• During the course of the 12 month period, Darwin’s petrol prices increased the most at 4.0 per cent, while Canberra was the only capital city to have experienced a decline in petrol prices, by -0.7 per cent.

• In dollar value terms, the nation experienced an increase of 4.3 per cent to the average petrol price during the month ending August 2012. The average price Australians pay at the pump is now $1.45 per litre. During the year petrol prices increased at an average rate of 1.8 per cent across the nation. • Melbourne continues to be the capital city where motorists pay the least at $1.39 per litre. The City has experienced a 4.8 per cent decrease over a three month period ending August 2012, second only to Canberra, in which prices fell 8.4 per cent to $1.41 per litre. In Darwin consumers continue to pay the most at $1.57 per litre, followed by Hobart at $1.49.

Retail Fuel Prices $1.80 Brisbane

Melbourne

Sydney

$1.40 $1.20 $1.00

Retail Fuel Prices Graph (right):

$0.80 $0.60

Prepared by PRDnationwide Research Source: AAA/Fueltrac, last updated Oct-2012

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$0.40

Aug-02

• Sourced from Fueltrac, this chart tracks the average retail price for unleaded petrol across a broad range of suppliers in metro areas.

Average Retail Price of ULP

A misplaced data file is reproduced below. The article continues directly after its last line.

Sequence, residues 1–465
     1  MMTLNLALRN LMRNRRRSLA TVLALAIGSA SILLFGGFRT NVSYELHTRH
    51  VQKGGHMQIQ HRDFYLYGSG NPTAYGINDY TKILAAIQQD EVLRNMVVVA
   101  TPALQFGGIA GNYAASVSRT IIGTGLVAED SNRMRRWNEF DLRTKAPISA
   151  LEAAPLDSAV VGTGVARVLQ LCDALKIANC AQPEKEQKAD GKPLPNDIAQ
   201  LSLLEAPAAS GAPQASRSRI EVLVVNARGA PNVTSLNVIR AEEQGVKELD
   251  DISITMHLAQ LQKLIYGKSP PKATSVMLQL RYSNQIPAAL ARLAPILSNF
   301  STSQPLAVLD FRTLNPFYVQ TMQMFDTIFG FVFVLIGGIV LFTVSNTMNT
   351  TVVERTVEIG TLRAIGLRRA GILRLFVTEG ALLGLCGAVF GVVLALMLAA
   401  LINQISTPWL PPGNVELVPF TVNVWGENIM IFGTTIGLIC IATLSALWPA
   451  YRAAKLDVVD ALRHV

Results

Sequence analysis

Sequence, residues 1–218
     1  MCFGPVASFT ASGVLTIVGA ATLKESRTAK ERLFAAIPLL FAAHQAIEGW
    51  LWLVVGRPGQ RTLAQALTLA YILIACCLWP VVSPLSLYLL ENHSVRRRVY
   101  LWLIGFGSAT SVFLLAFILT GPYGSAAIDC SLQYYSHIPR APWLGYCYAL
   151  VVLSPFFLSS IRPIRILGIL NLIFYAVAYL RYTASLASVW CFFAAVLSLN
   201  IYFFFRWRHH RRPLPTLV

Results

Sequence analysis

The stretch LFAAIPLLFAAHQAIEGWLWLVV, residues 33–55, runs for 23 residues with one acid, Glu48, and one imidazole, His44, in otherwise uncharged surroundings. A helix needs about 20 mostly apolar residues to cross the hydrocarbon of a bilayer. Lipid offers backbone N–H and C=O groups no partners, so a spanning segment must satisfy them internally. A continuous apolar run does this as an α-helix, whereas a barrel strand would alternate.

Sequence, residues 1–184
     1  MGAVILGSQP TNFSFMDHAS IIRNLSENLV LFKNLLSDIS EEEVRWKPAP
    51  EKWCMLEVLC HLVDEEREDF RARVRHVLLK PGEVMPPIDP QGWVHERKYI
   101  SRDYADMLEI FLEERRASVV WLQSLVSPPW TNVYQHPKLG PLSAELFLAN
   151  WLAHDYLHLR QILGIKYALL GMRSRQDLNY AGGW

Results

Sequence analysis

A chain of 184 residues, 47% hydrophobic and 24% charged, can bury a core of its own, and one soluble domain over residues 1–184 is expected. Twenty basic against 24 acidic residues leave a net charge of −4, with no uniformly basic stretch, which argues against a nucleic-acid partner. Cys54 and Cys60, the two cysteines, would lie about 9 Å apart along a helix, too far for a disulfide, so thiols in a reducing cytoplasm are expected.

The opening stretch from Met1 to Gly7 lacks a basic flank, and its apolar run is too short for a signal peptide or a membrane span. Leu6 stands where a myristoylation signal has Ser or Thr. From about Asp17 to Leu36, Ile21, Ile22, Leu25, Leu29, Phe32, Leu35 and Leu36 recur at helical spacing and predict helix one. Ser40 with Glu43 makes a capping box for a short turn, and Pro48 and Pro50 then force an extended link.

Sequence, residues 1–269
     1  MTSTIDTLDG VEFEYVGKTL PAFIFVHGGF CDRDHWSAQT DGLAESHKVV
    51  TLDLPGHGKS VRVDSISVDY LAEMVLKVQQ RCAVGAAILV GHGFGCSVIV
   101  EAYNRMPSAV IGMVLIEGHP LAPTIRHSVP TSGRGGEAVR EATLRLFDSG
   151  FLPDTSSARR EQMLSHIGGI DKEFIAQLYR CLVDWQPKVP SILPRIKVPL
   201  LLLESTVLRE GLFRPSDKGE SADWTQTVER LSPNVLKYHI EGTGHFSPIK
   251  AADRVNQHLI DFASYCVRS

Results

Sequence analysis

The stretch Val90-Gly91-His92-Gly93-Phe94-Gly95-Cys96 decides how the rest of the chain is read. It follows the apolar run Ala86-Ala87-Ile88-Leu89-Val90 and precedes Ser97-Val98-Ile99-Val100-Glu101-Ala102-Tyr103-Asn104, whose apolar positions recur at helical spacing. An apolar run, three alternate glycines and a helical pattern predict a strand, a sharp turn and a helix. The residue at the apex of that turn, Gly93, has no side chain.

$1.60

Month

8


Commodities Prices Strong demand from Chine sparks price surge • Despite the month of December 2012 recording an increase of 0.9 per cent to reach 89.2 Index points, the Commodity Price Index has decreased from its peak in mid-2011. When compared to the previous year, the Index has fallen by 11.8 per cent. However, commodity prices are still above the longer-term 10 year average of 74.7 index points.

RBA Commodity Price Index

120 100 80 10 year average 74.7%

60 40 20

RBA commodity price index value

140

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Prepared by PRDnationwide Research Source: RBA Bulletin G5, last updated Jan-13

Dec-05

Dec-04

0

Jun-04

• High commodity prices are one of the primary drivers behind Australia’s robust economy, influencing real estate prices particularly in Western Australia, Northern Territory, Northern Queensland and as of late South Australia. Coupled with the resource industry boom, employment and population growth follow, which spurs demand for housing and rental accommodation, particularly in neighbouring resource rich regions.

Dec-03

• The Reserve Bank’s Commodity Price Index provides an indicator of primary commodity price movements. The index includes 17 commodities with separate weightings, the highest of which are coal, gold and iron ore.

• Tin, a metal with essential uses in electronics, last week hit an 11-month high of $US24,600 a tonne. Aluminum demand is rising. The world’s biggest maker of the light metal, Alcoa, is forecasting a seven per cent increase in demand for the light metal in 2013, which will help its Australian associate Alumina. Nickel is similarly forecast to enjoy a seven per cent rise in demand this year. Copper has also been firming to around $US3.70/lb, and lead and zinc, two generally unloved industrial metals, have staged a largely unreported recovery in demand. The lead price has risen over the past six months by 27 per cent to $US1.05/lb. Zinc has been a slower mover, rising a few cents to US92c/lb.

• China’s growth is forecast to accelerate in 2013, helping spur a 78 per cent rebound in the price of iron ore that led Perth based Fortescue Metals Group Ltd. to resume work at a project suspended four months ago. Another key commodity, coking coal, may also rebound from the lowest prices since 2009 as China rebuilds steel supplies.